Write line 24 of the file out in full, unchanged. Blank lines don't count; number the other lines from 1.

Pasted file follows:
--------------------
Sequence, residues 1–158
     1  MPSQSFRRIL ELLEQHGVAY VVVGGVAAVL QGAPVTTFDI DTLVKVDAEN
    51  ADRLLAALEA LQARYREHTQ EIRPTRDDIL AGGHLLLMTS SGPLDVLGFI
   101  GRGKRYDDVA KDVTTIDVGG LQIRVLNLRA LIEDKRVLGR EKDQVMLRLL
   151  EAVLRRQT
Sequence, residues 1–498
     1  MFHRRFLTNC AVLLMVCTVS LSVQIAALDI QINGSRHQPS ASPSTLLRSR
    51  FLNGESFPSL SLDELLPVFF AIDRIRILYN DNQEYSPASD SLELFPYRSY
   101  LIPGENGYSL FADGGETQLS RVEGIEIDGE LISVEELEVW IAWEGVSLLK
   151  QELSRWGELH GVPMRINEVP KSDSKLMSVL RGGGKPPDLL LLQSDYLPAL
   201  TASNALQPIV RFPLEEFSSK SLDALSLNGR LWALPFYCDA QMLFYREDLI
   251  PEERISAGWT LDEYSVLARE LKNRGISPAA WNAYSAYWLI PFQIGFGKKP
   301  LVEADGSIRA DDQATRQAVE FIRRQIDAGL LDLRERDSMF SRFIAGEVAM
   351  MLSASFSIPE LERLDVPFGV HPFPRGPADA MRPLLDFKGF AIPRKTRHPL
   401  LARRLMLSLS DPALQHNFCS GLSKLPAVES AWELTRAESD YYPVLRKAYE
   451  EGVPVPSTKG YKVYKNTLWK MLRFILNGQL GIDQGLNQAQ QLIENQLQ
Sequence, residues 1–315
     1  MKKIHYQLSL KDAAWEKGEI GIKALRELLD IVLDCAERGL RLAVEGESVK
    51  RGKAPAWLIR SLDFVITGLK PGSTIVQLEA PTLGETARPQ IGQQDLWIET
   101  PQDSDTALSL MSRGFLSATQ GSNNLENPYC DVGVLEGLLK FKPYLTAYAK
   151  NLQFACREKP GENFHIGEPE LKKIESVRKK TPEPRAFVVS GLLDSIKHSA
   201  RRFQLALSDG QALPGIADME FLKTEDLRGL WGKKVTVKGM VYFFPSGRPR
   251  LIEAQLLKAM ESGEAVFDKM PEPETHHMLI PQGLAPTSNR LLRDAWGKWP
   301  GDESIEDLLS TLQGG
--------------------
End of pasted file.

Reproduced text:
   301  GDESIEDLLS TLQGG